Contact-tracing apps could play a key role in lifting border restrictions after the coronavirus pandemic — but don’t expect them to become a mandatory part of future travel. At least not in Europe.
In a European Commission document seen by Reuters, officials stress that such tools can be extremely useful “on a voluntary basis.” While the report, published Wednesday, doesn’t offer 100% confirmation, it does suggest that fears that contact-tracing apps could become a requirement of regular travel may be overblown.
“Contact tracing and warning measures, for example, with the use of mobile apps, could be used, on a voluntary basis, by passengers to detect and interrupt infection chains and reduce the risk of further transmission as long as transmission risks persist,” reads the EU document.
The article also notes that:
“The Commission, which is the EU executive, [also says] that access to transport services should … not be subjected to the use of such apps.”
Nonetheless, making sure that contact-tracing apps can work across borders is still viewed as important. “Due to the cross-border nature of transport, it is important to try to ensure the interoperability and mutual acceptance of such measures,” according to the document.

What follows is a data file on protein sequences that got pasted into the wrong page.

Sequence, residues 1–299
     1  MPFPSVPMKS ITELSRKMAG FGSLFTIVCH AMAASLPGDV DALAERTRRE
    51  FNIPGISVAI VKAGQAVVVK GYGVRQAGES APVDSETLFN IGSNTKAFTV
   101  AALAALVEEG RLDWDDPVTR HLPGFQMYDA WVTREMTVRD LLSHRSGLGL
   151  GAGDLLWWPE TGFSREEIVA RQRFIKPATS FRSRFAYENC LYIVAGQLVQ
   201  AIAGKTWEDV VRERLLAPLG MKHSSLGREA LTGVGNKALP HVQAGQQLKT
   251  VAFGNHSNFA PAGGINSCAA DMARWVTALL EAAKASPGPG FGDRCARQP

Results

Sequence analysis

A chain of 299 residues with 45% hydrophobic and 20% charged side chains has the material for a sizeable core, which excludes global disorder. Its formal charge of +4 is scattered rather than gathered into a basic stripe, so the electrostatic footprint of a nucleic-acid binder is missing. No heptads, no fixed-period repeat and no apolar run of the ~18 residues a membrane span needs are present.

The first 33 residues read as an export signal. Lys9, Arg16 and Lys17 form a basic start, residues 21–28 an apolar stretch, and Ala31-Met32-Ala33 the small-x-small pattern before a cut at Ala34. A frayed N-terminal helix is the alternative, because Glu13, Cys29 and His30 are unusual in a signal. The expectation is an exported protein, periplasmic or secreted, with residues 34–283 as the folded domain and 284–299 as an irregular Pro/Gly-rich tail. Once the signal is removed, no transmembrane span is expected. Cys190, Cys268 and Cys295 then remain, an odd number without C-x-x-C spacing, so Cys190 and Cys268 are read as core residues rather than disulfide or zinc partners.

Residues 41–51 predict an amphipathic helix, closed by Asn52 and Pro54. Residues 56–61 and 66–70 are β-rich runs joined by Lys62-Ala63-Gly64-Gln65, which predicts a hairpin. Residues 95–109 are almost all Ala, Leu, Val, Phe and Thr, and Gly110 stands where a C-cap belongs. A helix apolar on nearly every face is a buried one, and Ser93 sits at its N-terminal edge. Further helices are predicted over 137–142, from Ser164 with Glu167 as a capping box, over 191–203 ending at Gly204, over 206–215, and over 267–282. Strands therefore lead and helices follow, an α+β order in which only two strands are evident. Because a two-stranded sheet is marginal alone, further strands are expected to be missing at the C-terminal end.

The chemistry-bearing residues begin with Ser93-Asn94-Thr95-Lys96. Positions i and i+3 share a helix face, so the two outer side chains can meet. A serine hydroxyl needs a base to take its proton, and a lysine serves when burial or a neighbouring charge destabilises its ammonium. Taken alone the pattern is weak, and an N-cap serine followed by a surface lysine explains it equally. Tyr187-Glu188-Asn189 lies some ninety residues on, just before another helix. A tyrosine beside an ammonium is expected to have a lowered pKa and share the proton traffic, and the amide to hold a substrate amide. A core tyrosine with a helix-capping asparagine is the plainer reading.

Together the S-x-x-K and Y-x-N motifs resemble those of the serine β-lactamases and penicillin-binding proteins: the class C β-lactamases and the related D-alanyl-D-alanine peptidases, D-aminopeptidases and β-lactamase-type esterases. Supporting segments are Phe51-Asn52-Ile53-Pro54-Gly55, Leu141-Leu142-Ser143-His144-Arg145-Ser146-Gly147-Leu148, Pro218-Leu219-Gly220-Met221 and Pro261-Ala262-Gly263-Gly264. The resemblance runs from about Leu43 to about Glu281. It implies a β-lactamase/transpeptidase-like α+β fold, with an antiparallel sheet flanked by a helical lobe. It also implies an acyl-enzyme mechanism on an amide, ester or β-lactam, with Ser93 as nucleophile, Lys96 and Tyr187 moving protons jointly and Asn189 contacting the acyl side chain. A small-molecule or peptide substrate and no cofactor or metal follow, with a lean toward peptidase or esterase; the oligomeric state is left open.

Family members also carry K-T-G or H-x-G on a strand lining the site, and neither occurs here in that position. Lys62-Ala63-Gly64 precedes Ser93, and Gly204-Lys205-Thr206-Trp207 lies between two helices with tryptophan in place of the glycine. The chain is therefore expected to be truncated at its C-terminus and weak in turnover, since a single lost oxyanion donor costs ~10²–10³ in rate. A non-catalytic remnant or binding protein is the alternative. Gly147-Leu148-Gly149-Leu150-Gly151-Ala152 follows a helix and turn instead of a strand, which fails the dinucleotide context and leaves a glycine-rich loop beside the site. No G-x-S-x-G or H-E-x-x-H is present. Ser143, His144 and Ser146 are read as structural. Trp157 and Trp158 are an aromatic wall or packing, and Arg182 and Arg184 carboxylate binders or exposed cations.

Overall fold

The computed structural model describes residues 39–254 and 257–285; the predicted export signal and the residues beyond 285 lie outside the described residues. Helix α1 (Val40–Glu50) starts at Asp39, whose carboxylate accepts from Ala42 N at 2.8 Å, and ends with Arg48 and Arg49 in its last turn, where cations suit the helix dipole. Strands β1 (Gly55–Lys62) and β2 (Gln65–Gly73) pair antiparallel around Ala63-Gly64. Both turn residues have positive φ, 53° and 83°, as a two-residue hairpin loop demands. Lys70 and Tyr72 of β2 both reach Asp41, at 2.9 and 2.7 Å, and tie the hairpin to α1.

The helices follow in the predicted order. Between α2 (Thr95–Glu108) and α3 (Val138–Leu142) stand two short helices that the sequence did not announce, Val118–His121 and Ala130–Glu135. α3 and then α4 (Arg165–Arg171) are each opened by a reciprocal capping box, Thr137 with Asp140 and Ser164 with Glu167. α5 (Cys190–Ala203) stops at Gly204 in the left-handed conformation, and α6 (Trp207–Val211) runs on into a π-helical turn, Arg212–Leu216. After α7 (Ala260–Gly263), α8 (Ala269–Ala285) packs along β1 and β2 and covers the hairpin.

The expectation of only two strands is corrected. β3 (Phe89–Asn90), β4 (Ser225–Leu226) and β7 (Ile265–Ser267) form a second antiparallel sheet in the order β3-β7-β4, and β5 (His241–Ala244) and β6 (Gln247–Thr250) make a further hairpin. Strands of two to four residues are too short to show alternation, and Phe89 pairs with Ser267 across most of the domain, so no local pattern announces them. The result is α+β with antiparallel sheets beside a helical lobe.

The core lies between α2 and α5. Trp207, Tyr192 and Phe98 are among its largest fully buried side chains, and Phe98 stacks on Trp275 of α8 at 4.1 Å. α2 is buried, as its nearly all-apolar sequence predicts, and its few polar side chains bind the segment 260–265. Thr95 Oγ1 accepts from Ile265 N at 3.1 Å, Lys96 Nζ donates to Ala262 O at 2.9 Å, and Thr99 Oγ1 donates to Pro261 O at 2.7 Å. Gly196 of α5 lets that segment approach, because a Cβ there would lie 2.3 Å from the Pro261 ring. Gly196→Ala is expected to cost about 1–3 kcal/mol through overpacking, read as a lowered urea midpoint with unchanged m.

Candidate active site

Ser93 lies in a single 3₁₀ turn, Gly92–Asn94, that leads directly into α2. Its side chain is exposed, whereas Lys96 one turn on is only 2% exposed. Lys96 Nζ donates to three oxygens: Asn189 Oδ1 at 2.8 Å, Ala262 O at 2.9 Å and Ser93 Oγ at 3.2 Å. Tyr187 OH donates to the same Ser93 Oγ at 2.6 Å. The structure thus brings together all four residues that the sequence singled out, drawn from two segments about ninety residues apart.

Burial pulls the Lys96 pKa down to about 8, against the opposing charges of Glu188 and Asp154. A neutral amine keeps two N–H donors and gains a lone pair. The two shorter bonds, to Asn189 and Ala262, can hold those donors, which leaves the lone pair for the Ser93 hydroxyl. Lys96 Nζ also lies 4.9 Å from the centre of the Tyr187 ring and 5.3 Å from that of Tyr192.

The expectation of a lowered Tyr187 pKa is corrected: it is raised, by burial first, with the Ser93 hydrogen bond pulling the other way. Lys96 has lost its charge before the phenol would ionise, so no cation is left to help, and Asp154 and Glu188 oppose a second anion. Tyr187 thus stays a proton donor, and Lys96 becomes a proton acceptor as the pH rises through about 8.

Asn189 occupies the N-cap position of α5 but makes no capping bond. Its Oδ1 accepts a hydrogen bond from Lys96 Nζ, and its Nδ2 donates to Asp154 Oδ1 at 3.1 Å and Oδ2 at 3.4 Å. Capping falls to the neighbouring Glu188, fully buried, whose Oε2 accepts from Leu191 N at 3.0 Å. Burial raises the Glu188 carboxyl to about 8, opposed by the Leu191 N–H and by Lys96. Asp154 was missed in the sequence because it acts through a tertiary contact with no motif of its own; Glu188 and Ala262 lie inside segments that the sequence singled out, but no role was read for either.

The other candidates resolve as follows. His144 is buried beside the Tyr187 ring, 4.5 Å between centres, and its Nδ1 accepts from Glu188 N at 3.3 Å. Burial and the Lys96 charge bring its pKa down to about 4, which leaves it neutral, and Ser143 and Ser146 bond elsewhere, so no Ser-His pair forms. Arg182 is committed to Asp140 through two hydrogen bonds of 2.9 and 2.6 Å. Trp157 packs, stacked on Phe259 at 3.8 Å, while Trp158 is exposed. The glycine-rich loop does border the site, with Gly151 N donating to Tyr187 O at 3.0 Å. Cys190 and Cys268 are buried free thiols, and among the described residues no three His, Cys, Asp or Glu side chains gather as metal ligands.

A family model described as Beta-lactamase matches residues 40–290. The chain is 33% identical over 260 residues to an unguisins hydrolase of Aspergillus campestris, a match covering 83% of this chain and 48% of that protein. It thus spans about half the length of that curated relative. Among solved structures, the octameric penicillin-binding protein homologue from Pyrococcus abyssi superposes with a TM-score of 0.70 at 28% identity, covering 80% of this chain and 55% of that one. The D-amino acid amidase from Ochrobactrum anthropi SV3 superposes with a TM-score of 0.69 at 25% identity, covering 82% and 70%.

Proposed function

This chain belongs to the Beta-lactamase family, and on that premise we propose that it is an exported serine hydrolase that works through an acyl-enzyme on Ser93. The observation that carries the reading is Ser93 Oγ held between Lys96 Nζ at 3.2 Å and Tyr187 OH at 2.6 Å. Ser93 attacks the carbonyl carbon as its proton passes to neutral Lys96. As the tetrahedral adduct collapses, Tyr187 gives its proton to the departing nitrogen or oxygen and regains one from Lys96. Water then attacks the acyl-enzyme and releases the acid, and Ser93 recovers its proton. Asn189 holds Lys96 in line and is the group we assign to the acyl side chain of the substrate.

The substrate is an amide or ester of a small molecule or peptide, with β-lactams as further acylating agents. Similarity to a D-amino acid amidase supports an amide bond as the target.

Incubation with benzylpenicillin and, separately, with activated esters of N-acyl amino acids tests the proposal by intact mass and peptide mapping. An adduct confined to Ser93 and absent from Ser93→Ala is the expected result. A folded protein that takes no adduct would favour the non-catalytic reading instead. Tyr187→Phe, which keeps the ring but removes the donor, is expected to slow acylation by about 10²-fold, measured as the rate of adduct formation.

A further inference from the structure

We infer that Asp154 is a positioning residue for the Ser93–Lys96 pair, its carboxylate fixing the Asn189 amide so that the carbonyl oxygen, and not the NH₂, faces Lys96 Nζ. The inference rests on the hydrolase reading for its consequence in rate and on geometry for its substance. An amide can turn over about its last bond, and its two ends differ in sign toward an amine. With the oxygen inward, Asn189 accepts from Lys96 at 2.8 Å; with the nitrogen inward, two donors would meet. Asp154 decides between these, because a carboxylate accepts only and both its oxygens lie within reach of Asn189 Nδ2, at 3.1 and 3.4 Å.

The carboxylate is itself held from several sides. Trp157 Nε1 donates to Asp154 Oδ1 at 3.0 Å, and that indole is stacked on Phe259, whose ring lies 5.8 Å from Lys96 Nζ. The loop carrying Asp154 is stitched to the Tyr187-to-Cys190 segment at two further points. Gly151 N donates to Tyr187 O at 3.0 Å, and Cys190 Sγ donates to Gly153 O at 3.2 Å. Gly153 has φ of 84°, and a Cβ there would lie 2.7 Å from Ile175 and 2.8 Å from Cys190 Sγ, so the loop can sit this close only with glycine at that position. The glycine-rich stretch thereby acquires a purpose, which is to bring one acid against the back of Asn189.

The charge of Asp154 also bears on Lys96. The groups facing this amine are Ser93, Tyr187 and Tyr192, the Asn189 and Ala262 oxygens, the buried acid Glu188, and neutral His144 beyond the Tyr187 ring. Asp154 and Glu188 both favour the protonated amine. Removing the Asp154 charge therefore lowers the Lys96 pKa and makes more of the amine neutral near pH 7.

Interoperability of contact-tracing apps
A report published on May 5 raised concerns that the U.K. government’s failure to adopt Apple and Google’s decentralized contact-tracing tool could make travel impossible. As I wrote at the time, “The concern is that by using a different contact-tracing app to prove people’s health and travel, British citizens traveling overseas after lockdown could struggle to prove their status.”
Mandatory interoperability and use of contact-tracing apps could prove problematic in many cases. For instance, in Europe, free movement of people is considered a right associated with EU membership. But France has taken a different tack to the rest of Europe by opting to use its own centralized contact-tracing app, rather than the one used by the rest of Europe, developed by Google and Apple.